Canada to support peace operations
Canada announces comprehensive, coordinated approach to support Canadian interests and UN peace efforts
August 26, 2016 - Ottawa, Ontario - Global Affairs Canada
The Government of Canada is taking concrete actions to prevent and respond to conflicts abroad and to support UN peace operations in building a more peaceful and prosperous world.
The Honourable Stéphane Dion, Minister of Foreign Affairs, the Honourable Harjit S. Sajjan, Minister of National Defence, and the Honourable Ralph Goodale, Minister of Public Safety and Emergency Preparedness, and the Honourable Marie-Claude Bibeau, Minister of International Development and La Francophonie, today announced the launch of Global Affairs Canada’s new Peace and Stabilization Operations Program (PSOPs) and the pledge of up to 600 Canadian Armed Forces (CAF) personnel to be available for possible deployment to UN peace operations.
Conflicts today are multifaceted, requiring political, security, development and humanitarian responses brought together under the broad umbrella of “peace operations”. The Government of Canada has already demonstrated its whole-of-government approach to the situation in Iraq and Syria. Today’s approach to peace operations is no different: they demand that we go beyond military roles and work closely with local authorities and a range of international and regional partners.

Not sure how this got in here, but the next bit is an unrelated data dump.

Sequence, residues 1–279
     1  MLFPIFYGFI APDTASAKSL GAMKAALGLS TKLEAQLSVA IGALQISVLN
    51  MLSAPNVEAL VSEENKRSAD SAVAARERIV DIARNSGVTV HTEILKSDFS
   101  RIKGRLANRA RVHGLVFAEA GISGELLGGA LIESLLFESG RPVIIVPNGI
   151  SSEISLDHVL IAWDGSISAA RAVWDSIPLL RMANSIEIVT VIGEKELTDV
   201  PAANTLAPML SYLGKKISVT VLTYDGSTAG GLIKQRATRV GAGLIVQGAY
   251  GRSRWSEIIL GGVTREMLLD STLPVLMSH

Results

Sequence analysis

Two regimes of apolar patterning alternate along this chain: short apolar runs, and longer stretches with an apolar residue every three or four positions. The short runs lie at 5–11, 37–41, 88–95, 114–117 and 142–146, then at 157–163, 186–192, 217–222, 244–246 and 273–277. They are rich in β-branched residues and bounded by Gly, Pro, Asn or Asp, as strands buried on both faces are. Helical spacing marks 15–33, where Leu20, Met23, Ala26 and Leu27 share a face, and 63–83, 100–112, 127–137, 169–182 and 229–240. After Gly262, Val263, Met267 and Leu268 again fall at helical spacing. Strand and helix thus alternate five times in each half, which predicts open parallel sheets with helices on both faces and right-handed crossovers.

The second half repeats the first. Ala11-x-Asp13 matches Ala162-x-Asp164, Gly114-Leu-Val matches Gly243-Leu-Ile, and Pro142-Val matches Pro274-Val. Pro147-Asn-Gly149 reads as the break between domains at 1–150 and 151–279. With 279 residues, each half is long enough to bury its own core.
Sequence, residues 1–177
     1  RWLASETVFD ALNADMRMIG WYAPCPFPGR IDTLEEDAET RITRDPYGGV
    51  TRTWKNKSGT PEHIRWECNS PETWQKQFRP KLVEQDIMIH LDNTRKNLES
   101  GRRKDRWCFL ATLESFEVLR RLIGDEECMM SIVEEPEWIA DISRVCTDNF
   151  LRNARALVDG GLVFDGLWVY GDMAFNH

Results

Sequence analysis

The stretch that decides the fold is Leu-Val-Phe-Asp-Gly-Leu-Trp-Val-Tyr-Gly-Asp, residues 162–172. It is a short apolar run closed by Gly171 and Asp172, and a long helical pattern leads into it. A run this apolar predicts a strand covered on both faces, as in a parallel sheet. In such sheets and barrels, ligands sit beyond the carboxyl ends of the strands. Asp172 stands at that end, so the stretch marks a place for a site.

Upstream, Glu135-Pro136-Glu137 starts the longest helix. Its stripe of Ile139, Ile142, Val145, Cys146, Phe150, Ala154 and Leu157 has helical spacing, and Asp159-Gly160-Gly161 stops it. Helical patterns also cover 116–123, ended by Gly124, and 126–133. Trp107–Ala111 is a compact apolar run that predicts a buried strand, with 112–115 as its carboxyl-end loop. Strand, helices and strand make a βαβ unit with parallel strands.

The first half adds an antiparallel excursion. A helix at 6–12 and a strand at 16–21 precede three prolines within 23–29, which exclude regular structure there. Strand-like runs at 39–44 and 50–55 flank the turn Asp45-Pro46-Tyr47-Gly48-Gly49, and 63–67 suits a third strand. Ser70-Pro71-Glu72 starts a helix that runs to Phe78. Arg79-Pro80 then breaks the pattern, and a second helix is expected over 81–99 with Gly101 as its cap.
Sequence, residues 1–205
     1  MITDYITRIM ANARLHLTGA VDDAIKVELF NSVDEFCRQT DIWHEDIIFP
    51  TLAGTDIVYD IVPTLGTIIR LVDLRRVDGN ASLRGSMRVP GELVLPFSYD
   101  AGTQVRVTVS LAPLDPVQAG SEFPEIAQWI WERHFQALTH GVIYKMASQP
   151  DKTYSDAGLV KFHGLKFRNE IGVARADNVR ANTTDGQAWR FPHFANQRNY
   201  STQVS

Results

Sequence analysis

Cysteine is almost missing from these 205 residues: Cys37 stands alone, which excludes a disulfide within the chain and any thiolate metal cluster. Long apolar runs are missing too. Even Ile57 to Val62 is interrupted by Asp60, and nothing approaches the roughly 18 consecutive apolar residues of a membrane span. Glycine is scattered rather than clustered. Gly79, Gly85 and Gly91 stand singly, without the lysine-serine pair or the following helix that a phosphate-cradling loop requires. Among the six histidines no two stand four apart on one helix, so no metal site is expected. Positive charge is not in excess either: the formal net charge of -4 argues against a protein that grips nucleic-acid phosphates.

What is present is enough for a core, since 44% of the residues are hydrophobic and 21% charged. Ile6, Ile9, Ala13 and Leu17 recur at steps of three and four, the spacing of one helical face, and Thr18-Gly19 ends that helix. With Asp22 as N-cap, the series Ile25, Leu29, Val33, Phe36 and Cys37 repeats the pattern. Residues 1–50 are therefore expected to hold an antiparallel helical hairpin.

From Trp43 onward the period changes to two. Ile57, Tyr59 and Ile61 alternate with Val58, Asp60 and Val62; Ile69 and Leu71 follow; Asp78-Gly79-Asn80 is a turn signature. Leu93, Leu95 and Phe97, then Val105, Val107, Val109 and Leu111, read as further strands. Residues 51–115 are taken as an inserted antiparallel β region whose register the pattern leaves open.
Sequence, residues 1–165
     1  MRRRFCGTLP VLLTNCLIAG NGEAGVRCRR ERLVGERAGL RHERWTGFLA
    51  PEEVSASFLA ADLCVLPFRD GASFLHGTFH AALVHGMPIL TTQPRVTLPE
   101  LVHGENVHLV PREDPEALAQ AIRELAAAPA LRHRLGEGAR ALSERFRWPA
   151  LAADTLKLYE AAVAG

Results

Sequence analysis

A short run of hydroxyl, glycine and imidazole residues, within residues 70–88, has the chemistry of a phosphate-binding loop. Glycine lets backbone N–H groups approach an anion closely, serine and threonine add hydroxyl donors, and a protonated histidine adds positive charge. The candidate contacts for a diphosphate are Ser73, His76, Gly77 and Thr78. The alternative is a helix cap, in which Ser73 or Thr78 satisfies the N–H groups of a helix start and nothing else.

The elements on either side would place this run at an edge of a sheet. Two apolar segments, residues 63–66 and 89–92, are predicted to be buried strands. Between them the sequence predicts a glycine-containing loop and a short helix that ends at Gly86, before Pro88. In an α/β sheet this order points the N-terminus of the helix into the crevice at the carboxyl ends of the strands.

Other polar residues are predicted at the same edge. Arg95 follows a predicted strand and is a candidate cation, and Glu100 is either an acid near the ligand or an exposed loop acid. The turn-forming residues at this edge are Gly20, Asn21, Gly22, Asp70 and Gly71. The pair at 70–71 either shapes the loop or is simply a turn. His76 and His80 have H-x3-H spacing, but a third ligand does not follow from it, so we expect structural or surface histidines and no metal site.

Canada is devoting an unprecedented $450 million to PSOPs. The new funding will help better protect civilians, including the most vulnerable groups, such as displaced persons, refugees, women and children.
Canada is uniquely placed to provide the very best expertise across the full spectrum of peace operations. Therefore, Canada’s PSOPs and future contributions will focus more on the areas of early warning, conflict prevention, dialogue, mediation and peacebuilding, and the empowerment of women in decision making for peace and security.
The Canadian Armed Forces are prepared to contribute personnel across a range of available capabilities, which could include ground troops, leadership for command and headquarters positions, air transport, engineering and medical expertise, military and police training, and capacity building, in order to make a meaningful contribution to peace operations.
Working with Canadian public and private sector partners, PSOPs will serve as an essential platform for tackling the causes and effects of conflict and preventing their escalation or return by increasing Canada’s support for UN peace operations.
Canada’s engagement in peace operations will be a whole-of-government effort, using the full range of Canada’s military and police as well as other capabilities in integrated responses. As conflicts have grown in intensity and complexity, the nature of peace operations has also changed.
Canada is back, and that includes its peace missions. Canada is committed to increasing its support for UN peace operations and supporting its mediation efforts, preventing conflicts and engaging in post-conflict reconstruction. This commitment reflects Canada’s deep desire to be a determined peacebuilder and to make a genuine and useful contribution to building a more peaceful and prosperous world.
“Now, more than ever, is the time for our country to choose engagement over isolation, a time to redouble our combined efforts to address the world’s toughest challenges, from complex emergencies to climate change and security.